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Prudential Plc Established in London in 1848, Prudential plc, through its businesses in the UK and Europe, the US and Asia, provides retail financial services products and services to more than 16 million customers, policyholder and unit holders worldwide. As of June 30, 2004, the company had over US$300 billion in funds under management. Prudential has brought to market an integrated range of financial services products that now includes life assurance, pensions, mutual funds, banking, investment management and general insurance. In Asia, Prudential is the leading European life insurance company with a vast network of 24 life and mutual fund operations in twelve countries - China, Hong Kong, India, Indonesia, Japan, Korea, Malaysia, the Philippines, Singapore, Taiwan, Thailand and Vietnam. The company has six Bancassurance tie-ups, having agreements with ICICI Bank, Federal Bank, South Indian Bank, Bank of India, Lord Krishna Bank and some cooperative banks, as well as over 150 corporate agents and brokers. It has also tied up with NGOs, MFIs and corporates for the distribution of rural policies and organizations like Dhan for distribution of Salaam Zindagi, a policy for the socially and economically underprivileged sections of society. ICICI Prudential has recruited and trained about 2,14,000 insurance advisors to interface with and advise customers. Further, it leverages its state-of-the-art IT infrastructure to provide superior quality of service to customers.

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Figure 2 : Value of Life Insurance

But the value of Life Insurance...
Value of benefit
life cover

Death

Insurance Stock market Bond

Maturity

Time Period

4.3 Products
Insurance Solutions for Individuals ICICI Prudential Life Insurance offers a range of innovative, customer-centric products that meet the needs of customers at every life stage. Its 27 products can be enhanced with up to 6 riders, to create a customized solution for each policyholder. Savings Solutions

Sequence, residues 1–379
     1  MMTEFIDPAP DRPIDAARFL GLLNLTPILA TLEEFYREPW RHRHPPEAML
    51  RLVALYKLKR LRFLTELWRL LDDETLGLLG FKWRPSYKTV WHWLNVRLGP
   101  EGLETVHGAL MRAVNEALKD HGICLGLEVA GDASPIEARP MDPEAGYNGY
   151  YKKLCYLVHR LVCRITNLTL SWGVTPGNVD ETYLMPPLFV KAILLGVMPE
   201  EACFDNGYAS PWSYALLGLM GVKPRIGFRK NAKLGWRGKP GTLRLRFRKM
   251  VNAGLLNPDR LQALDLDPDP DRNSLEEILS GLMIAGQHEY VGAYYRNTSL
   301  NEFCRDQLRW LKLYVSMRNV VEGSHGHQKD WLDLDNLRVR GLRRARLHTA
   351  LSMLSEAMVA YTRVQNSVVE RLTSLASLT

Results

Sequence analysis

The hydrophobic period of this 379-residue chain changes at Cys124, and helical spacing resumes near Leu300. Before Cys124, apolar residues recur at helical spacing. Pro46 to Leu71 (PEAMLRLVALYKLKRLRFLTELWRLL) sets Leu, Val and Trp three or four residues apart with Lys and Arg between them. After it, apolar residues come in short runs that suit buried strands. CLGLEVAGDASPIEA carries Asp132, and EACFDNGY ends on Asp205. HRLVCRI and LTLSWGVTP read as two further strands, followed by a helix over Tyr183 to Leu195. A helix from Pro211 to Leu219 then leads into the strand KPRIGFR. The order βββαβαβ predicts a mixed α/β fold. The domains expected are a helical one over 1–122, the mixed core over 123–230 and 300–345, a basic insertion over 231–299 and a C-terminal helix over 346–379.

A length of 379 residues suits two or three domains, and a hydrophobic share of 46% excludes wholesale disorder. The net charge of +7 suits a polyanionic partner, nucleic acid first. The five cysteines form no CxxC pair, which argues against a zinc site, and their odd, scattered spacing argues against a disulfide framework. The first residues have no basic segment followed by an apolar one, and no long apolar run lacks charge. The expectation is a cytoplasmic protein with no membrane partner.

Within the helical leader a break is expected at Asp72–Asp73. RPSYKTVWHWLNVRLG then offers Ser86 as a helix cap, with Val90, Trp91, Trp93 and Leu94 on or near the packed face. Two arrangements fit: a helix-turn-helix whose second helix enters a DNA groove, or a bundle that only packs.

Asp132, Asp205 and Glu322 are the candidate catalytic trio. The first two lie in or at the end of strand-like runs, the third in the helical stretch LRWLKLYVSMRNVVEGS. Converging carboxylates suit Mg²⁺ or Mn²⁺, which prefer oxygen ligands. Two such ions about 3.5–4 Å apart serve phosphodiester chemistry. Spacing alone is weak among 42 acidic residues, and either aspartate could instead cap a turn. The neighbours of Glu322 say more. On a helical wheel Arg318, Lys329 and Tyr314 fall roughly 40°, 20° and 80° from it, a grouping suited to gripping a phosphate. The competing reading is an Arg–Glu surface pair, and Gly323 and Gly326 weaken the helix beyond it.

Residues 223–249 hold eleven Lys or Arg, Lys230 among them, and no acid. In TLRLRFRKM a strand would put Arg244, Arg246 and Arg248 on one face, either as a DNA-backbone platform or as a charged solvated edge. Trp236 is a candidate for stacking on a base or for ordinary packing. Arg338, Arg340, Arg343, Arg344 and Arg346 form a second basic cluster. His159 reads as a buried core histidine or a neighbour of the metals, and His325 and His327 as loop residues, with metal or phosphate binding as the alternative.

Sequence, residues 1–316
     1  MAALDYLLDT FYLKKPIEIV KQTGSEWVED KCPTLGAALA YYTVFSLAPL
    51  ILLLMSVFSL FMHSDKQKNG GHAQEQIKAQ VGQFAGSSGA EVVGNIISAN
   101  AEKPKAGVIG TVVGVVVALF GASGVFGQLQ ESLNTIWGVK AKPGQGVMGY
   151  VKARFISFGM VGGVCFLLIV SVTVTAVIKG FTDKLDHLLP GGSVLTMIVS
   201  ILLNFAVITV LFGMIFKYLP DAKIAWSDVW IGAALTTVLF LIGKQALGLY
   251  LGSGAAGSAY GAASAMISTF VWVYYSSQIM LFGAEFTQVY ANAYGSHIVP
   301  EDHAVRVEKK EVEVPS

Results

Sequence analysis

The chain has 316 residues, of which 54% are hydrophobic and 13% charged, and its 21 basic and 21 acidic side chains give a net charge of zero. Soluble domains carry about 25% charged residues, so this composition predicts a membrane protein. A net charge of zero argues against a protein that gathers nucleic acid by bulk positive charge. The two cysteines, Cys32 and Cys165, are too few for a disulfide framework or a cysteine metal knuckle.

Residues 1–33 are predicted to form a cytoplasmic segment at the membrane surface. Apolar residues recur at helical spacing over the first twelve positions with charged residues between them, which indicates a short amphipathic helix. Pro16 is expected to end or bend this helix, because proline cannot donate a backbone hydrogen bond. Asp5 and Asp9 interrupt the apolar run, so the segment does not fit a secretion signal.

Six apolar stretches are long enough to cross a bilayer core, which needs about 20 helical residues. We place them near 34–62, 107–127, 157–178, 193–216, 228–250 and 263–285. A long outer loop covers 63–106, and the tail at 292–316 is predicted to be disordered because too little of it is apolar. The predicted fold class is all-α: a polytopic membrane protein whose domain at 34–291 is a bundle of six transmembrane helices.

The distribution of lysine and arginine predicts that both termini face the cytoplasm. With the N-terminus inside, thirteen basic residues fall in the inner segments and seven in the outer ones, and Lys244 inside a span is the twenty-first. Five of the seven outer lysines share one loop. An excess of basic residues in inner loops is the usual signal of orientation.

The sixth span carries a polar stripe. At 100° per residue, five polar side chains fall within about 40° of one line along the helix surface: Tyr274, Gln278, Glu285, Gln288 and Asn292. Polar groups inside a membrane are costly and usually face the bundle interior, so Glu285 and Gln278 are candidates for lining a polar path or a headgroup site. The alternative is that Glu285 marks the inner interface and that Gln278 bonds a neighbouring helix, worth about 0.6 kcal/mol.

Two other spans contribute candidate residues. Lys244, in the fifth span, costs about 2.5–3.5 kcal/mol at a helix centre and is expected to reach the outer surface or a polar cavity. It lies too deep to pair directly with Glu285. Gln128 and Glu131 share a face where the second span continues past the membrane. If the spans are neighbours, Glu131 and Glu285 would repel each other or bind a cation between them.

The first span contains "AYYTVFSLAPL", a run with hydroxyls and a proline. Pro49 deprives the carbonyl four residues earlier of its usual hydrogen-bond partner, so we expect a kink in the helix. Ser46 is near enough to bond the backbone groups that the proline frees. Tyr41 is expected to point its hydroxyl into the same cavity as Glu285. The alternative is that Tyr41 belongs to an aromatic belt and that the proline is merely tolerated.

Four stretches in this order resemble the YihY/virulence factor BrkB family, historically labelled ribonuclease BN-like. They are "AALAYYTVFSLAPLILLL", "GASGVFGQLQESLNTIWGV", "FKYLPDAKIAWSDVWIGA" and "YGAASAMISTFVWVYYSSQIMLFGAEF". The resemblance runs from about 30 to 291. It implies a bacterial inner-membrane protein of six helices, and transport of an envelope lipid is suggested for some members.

SecurePlus is a transparent and feature-packed savings plan that offers 3 levels of protection.

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Cash Plus is a transparent, feature-packed savings plan that offers 3 levels of protection as well as liquidity options. Save n Protect is a traditional endowment savings plan that offers life protection along with adequate returns.

Cash Bank is an anticipated endowment policy ideal for meeting milestone expenses like a child’s marriage, expenses for a child’s higher education or purchase of an asset.

LifeTime & LifeTime II offer customers the flexibility and control to customize the policy to meet the changing needs at different life stages. Each offer 4 fund optionsPreserver, Protector, Balancer and Maximiser.

LifeLink II is a single premium Market Linked Insurance Plan which combines life insurance cover with the opportunity to stay invested in the stock market.

Premier Life is a limited premium paying plan that offers customers life insurance cover till the age of 75.

InvestShield Life is a Market Linked plan that provides capital guarantee on the invested premiums and declared bonus interest.

InvestShield Cash is a Market Linked plan that provides capital guarantee on the invested premiums and declared bonus interest along with flexible liquidity options.